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Please note that Mommsen uses the AUC chronology (Ab Urbe Condita), i.e. from the founding of the City of Rome. You can use this reference table to have the B.C. dates


V. The Establishment of the Military Monarchy

From: The History of Rome, by Theodor Mommsen
Translated with the sanction of the author by William Purdie Dickson

The History of Old Rome

Chapter VII - The Subjugation of the West


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Page 75

Conflicts on the Aisne - Submission of the Western Cantons

Caesar did not venture to give battle to the brave enemy six times as strong; to the north of the Aisne, not far from the modern Pontavert between Rheims and Laon, he pitched his camp on a plateau rendered almost unassailable on all sides partly by the river and by morasses, partly by fosses and redoubts, and contented himself with thwarting by defensive measures the attempts of the Belgae to cross the Aisne and thereby to cut him off from his communications. When he counted on the likelihood that the coalition would speedily collapse under its own weight, he had reckoned rightly.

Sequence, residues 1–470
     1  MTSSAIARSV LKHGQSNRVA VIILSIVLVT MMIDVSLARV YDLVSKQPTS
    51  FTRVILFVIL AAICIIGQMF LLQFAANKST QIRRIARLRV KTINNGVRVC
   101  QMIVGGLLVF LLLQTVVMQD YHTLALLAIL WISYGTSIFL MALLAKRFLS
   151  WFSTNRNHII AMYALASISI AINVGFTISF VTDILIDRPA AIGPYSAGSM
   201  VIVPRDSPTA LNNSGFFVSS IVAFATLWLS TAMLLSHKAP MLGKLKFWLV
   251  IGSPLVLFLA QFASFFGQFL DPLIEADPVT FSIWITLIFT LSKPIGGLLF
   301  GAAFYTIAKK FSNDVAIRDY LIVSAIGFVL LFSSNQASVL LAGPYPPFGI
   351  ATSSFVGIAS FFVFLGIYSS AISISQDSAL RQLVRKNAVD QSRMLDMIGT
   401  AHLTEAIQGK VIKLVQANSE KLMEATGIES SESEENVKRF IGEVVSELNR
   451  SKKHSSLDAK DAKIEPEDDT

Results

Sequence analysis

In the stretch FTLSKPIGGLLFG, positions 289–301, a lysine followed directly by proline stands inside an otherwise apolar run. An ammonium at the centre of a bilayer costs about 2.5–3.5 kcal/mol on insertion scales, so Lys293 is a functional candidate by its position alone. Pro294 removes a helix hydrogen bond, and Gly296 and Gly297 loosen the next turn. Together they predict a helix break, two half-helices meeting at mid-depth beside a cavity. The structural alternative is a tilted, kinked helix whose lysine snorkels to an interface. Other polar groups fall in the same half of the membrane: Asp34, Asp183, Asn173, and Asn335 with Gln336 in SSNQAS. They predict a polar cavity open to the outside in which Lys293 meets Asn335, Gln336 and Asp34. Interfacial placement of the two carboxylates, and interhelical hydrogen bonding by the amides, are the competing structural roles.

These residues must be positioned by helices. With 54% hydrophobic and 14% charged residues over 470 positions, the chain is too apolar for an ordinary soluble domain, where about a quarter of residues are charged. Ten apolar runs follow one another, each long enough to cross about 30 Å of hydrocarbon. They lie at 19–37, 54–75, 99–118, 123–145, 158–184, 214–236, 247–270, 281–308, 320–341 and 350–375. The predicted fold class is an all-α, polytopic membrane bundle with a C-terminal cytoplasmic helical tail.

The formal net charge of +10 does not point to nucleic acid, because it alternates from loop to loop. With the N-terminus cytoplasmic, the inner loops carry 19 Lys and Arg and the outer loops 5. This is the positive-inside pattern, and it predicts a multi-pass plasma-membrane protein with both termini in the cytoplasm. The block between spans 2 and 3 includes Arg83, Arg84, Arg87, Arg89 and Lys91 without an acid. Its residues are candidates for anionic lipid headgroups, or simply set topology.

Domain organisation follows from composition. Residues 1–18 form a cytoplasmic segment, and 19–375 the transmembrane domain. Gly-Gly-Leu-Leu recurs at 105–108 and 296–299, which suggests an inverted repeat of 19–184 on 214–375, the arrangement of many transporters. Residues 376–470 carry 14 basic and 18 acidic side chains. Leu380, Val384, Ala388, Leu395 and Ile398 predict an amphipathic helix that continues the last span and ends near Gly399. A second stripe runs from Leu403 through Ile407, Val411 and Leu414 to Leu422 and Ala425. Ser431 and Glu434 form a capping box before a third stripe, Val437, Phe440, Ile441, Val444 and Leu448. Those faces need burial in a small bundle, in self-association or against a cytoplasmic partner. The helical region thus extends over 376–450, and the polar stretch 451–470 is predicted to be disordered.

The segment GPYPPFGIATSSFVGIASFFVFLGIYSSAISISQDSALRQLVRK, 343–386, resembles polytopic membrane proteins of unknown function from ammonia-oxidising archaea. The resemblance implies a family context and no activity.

King Galba was an honest man, held in universal respect; but he was not equal to the management of an army of 300,000 men on hostile soil. No progress was made, and provisions began to fail; discontent and dissension began to insinuate themselves into the camp of the confederates. The Bellovaci in particular, equal to the Suessiones in power, and already dissatisfied that the supreme command of the confederate army had not fallen to them, could no longer be detained after news had arrived that the Haedui as allies of the Romans were making preparations to enter the Bellovacic territory.

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